This router-shaped device is actually the Millennium Sub with drivers on the exterior of its extruded aluminum enclosure. A wireless option can feed up to four subs. Mate it with the Millennium One satellite speaker, also in tough extruded aluminum. The back piece can serve as a stand or mount and can be adjusted both vertically and horizontally. The One is $249/each, the Sub is $1399.
Two subs in Paradigm's Signature Series have hexagonal enclosures to defeat bass-polluting vibration with six drivers inside. The SUB 1 has 1700 watts and sells for $4499. The SUB 2 has 4500 watts, sells for $8999, and will be a limited production run, so act fast if you want it. Of course all the brawn in the world still won't provide tuneful bass if your room's standing wave is muddying the waters -- but these elite subs use Paradigm's Perfect Bass Kit to measure the room and apply appropriate correction.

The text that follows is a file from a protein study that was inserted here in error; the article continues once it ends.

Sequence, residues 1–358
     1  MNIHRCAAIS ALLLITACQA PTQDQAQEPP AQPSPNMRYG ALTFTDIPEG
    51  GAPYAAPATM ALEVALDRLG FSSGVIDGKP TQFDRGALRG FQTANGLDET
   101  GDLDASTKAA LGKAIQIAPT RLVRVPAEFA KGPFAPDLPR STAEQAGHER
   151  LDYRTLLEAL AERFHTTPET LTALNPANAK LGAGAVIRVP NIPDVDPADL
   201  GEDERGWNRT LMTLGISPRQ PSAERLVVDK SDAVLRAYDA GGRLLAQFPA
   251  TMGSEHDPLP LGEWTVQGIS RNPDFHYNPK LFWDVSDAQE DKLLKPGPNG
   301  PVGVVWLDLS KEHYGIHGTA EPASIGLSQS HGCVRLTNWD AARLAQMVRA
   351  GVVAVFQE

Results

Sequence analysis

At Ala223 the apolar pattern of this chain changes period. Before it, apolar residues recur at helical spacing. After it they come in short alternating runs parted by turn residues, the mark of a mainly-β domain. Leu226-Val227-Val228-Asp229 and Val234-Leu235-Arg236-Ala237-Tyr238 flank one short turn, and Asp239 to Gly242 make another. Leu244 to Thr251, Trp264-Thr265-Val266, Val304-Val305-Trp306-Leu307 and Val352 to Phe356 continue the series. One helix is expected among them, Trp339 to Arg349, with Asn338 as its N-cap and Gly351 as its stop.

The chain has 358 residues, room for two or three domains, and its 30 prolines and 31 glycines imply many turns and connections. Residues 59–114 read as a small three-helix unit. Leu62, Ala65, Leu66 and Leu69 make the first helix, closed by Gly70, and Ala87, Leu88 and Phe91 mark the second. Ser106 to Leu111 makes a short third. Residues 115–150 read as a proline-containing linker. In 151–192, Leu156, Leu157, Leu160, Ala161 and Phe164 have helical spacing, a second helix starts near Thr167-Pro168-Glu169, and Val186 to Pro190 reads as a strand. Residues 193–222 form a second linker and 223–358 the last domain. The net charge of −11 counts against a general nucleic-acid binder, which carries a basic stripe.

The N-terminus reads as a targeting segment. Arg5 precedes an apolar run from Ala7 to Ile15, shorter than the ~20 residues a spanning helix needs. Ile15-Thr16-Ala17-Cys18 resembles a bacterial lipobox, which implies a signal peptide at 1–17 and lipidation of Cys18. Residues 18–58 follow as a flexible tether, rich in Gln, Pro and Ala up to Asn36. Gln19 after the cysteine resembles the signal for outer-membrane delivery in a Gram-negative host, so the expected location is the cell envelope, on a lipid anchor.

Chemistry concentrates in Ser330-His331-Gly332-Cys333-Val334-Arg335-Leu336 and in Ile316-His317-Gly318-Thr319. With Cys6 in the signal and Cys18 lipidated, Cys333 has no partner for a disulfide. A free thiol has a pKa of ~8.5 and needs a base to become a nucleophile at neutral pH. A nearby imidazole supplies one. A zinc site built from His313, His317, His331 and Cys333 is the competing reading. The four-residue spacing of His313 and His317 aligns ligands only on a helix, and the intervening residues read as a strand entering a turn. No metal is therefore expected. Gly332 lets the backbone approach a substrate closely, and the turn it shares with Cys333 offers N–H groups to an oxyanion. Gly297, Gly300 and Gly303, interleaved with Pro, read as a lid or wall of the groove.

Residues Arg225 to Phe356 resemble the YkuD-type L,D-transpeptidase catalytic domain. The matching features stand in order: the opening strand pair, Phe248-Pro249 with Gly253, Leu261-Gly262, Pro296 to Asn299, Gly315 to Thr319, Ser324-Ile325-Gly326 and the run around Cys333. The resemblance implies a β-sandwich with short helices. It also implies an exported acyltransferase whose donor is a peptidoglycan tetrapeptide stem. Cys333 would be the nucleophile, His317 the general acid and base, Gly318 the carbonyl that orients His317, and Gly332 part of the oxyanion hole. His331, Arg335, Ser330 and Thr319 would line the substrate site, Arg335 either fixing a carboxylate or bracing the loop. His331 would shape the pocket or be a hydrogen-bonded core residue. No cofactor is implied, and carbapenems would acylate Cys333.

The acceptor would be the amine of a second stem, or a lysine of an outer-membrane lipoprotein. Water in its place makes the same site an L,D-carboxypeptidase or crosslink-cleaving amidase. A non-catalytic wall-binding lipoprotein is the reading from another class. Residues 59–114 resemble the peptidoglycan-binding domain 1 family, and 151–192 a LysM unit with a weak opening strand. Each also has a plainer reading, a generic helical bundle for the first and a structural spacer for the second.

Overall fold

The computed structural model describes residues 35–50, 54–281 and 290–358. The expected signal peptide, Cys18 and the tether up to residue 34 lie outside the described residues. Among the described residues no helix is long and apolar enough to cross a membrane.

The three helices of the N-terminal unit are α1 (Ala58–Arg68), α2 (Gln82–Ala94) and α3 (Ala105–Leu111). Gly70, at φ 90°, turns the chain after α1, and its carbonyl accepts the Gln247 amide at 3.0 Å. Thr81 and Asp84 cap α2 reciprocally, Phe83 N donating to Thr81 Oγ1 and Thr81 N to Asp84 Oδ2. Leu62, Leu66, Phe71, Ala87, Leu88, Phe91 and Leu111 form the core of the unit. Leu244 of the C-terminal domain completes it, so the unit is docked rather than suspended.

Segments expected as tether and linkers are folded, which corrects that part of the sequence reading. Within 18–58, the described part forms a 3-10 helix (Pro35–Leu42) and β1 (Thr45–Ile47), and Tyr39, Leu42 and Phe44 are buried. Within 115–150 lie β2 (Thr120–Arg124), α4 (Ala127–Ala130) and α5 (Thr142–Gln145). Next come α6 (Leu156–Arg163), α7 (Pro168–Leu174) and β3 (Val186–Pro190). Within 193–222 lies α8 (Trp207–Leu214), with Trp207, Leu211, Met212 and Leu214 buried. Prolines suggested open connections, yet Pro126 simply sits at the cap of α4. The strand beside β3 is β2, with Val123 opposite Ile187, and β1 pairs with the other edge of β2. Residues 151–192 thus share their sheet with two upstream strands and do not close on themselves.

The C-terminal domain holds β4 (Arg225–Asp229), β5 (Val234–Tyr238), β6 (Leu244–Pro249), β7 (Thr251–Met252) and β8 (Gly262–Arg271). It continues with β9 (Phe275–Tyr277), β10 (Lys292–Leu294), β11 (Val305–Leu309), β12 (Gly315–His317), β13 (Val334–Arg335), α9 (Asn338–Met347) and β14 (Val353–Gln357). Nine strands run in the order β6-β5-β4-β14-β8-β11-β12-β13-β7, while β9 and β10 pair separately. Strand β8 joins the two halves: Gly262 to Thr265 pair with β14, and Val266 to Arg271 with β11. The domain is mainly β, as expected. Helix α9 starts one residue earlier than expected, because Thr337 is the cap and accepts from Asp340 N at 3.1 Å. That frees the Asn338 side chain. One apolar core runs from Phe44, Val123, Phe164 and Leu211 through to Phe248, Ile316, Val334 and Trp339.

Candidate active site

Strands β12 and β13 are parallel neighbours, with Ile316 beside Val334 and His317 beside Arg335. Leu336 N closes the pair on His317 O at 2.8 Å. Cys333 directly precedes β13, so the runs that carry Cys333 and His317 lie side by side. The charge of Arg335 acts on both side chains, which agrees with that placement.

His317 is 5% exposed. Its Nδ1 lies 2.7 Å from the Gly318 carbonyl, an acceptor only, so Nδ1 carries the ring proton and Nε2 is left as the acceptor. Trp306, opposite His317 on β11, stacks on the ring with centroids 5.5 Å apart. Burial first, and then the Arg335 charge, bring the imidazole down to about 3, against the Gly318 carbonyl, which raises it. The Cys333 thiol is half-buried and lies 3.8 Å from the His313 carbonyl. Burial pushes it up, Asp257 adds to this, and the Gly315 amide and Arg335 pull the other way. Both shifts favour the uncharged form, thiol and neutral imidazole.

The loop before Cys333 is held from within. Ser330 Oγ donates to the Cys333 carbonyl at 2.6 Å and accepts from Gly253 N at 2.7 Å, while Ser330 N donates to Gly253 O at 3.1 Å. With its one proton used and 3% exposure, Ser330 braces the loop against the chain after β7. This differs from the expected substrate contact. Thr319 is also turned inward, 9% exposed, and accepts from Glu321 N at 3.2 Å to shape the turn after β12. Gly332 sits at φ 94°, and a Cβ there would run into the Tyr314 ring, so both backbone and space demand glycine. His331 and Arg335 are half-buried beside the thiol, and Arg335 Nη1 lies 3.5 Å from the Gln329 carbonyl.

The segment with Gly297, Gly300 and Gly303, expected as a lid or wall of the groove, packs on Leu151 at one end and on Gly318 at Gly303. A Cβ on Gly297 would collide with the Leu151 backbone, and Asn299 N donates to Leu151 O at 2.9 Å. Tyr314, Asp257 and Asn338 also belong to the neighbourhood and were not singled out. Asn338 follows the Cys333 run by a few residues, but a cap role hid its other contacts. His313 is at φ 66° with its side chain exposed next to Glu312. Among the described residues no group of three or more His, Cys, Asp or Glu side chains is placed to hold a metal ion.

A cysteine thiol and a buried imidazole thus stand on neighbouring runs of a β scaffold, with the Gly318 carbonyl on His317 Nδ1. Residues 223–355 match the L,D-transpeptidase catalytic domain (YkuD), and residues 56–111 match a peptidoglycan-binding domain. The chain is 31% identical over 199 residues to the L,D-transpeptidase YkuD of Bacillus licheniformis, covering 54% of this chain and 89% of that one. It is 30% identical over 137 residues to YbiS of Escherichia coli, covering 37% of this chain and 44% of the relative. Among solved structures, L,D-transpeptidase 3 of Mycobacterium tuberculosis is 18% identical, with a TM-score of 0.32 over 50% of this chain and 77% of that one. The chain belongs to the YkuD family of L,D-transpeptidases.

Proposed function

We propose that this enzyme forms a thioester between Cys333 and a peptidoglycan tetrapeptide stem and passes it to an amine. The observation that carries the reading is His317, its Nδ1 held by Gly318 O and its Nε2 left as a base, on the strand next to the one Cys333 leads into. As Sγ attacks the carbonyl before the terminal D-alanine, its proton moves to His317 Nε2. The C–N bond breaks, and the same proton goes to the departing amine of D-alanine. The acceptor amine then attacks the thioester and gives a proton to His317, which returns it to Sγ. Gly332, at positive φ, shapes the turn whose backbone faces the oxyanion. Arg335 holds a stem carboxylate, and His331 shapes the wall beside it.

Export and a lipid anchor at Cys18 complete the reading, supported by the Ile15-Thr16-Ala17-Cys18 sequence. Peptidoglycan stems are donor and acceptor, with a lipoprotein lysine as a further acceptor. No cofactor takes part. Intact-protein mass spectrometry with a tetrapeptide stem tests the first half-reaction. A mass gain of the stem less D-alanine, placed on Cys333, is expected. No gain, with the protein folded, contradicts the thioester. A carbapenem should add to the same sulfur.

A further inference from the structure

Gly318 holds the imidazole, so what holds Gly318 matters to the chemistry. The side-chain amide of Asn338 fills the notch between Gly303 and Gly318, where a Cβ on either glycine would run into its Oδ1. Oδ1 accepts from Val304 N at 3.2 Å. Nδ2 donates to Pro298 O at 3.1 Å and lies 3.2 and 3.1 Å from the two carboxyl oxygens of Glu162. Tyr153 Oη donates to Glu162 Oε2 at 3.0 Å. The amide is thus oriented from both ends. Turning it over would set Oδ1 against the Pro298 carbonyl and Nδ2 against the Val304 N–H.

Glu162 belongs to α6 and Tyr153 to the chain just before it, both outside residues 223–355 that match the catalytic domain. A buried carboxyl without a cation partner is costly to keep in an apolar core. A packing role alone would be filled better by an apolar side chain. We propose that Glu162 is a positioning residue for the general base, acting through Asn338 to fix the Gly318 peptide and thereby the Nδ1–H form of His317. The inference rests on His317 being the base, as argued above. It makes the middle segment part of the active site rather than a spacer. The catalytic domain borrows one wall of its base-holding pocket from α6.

Struggling with an in-wall speaker in one hand and a drill in the other is the bane of the custom installer. RBH offers a solution in the QM-615. It comes with a two-way Allen wrench. Connect the speaker cables, pop in the speaker, and use the rounded end of the Allen wrench to punch in spring-loaded tabs which lock the speaker into place. The more conventional end of the Allen wrench would be used to lift the tabs and remove the speaker. Price is $250/pair, shipping now. RBH also showed the new Signature SX line, with a full range of sizes and eventually some custom veneers.